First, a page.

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Wind-drag on sock and carpet , which one flies the furthest?

  1. Jul 21, 2013 #1
    Wind-drag on "sock" and "carpet", which one flies the furthest?

    Hello everyone,

    A few days ago, I was like many others lying on a beach, enjoying the weather, when suddenly a force of wind let fly both a carpet and my socks, lying next to me. I get up and rush for the socks, which in the blink of an eye had covered something like 5 meters, grabs them and turns around to find that the carpet luckily had hit some bloke on the beach and wrapped itself around his legs. Still, I hear my friend yelling at me, "Get the carpet! damn it!".

    When I get back, with the carpet and the socks, he is furious with me, and tells me that I should have gone for the carpet, before the socks.

    A few curses later, it has turned into a physics subject, about whether the socks would fly further than the carpet, given the same rush of wind (or air force).

    We talk about inertia and density, and he compares the carpet to a "sail" on a ship, and tells me it is the same principle, and that no sock could have carried a ship with same speed (and hence distance in the span of the wind-strike)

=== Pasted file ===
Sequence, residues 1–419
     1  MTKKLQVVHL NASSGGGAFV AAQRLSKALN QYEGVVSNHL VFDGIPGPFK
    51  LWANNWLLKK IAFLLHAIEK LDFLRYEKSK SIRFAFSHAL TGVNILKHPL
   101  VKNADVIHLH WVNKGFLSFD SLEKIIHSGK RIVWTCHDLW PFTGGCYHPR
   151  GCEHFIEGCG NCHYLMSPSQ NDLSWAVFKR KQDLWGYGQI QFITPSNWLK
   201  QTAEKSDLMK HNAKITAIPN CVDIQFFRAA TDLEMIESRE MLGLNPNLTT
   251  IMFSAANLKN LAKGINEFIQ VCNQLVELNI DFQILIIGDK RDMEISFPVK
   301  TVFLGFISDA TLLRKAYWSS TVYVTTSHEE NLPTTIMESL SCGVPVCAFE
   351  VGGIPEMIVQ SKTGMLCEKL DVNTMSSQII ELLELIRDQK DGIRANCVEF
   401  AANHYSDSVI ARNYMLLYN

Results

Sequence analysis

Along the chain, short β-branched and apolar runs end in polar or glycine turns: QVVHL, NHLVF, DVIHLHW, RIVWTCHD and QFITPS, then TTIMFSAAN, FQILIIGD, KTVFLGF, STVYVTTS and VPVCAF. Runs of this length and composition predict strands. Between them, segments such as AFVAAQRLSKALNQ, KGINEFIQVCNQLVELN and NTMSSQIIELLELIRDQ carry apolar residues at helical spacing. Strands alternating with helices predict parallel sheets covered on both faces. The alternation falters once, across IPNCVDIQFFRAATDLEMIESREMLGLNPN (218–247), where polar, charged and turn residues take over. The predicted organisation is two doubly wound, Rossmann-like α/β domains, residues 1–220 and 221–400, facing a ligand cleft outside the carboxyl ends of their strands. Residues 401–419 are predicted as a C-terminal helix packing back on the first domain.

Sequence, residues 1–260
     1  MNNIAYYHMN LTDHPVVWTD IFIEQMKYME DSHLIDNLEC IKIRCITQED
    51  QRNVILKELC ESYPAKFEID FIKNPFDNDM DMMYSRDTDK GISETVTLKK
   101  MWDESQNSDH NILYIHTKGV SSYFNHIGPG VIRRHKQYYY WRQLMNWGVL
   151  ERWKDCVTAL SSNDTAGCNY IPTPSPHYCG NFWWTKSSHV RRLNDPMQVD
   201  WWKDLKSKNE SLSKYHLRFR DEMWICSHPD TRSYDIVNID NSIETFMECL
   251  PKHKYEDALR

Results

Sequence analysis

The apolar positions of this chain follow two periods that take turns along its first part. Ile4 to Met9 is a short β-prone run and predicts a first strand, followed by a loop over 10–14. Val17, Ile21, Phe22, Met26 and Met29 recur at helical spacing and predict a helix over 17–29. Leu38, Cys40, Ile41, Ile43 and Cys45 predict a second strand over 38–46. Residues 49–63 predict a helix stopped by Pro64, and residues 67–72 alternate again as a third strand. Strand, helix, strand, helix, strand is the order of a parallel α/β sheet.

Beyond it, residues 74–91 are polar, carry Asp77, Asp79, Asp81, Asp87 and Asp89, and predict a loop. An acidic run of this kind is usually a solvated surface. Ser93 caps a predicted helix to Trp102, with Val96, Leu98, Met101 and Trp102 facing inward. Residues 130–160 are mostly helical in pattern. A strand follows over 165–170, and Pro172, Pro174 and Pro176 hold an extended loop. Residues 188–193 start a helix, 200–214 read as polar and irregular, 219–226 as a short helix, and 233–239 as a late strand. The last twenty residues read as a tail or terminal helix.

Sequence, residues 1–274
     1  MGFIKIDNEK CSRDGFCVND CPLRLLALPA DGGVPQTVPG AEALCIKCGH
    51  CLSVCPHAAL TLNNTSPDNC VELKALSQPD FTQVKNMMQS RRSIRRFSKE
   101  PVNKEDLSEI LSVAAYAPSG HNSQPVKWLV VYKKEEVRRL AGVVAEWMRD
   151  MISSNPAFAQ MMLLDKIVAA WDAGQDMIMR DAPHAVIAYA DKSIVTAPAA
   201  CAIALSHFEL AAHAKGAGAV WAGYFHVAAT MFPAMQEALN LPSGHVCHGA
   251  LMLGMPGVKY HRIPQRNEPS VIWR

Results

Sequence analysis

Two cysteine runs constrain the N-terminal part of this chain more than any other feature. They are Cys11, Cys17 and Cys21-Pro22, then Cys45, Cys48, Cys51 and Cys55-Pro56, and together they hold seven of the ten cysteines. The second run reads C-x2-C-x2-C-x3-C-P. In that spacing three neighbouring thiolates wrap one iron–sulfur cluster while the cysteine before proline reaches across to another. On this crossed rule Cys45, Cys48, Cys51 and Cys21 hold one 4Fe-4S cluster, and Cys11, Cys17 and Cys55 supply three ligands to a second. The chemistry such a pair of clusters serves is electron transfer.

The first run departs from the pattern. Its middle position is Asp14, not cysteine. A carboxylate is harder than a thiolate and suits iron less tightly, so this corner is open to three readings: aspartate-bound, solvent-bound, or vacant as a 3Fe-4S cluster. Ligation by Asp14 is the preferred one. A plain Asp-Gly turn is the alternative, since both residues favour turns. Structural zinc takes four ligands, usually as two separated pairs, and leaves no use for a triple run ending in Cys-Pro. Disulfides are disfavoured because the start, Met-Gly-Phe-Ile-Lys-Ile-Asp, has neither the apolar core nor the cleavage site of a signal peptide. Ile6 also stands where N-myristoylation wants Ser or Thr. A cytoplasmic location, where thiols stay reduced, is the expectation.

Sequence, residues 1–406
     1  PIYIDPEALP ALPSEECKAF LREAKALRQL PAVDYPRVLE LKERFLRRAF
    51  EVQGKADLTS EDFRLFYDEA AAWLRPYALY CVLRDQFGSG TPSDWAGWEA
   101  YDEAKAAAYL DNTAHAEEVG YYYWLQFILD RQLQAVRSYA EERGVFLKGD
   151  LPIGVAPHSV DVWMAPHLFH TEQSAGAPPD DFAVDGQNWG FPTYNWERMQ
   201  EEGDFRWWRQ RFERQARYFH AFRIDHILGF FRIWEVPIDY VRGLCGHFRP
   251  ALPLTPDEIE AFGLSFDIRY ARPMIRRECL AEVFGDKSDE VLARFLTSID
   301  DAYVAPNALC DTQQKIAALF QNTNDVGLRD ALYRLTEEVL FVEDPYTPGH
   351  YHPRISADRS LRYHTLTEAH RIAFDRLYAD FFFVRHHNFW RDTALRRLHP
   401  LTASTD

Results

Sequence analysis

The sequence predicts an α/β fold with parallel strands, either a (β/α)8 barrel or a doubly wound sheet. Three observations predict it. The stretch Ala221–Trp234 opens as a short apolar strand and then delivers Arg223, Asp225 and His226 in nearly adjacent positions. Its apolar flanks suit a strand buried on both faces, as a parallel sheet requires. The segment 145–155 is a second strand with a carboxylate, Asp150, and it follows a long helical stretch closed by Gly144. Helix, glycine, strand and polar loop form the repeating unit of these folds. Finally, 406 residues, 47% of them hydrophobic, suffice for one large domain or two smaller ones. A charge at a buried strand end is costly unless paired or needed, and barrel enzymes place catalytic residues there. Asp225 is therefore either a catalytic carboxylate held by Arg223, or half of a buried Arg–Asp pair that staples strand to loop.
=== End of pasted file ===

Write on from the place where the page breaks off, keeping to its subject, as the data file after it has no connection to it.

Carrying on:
Now in all modesty, being an autodidact physics "dummy" (for now) I think that the wind would not
    carry it far, because the majority of the air molecules, carrying the carpet would frequently shift from surface area to surface area and hence the carpet would undergo a non-stable flight and eventually crash, just like filling a paddling pool with water and trying to lift it, the water will shift from side to side and the center of gravity will change, making the paddling pool itself shift and take on form depending on the movement of the water.

    The sock however, being lighter and smaller will get carried far.

    Anyway, I am very interested in hearing your opinion on this subject. Even if it seems awfully trivial, I would greatly appreciate some explanation involving the forces and inertia etc :)

    Thanks in advance,
  2. jcsd
  3. Jul 22, 2013 #2
    One thing you did not consider is that the carpet probably has a much greater surface area, which linearly effects your total generated lift.

    In short I believe the carpet will fly farther with an initial burst of lift due to its much greater surface area (assuming the carpet isn't too much heavier than the sock). However, the sock will fall from the sky slower because of its reduced mass and significantly lower weight The latter corresponds to a smaller terminal velocity.
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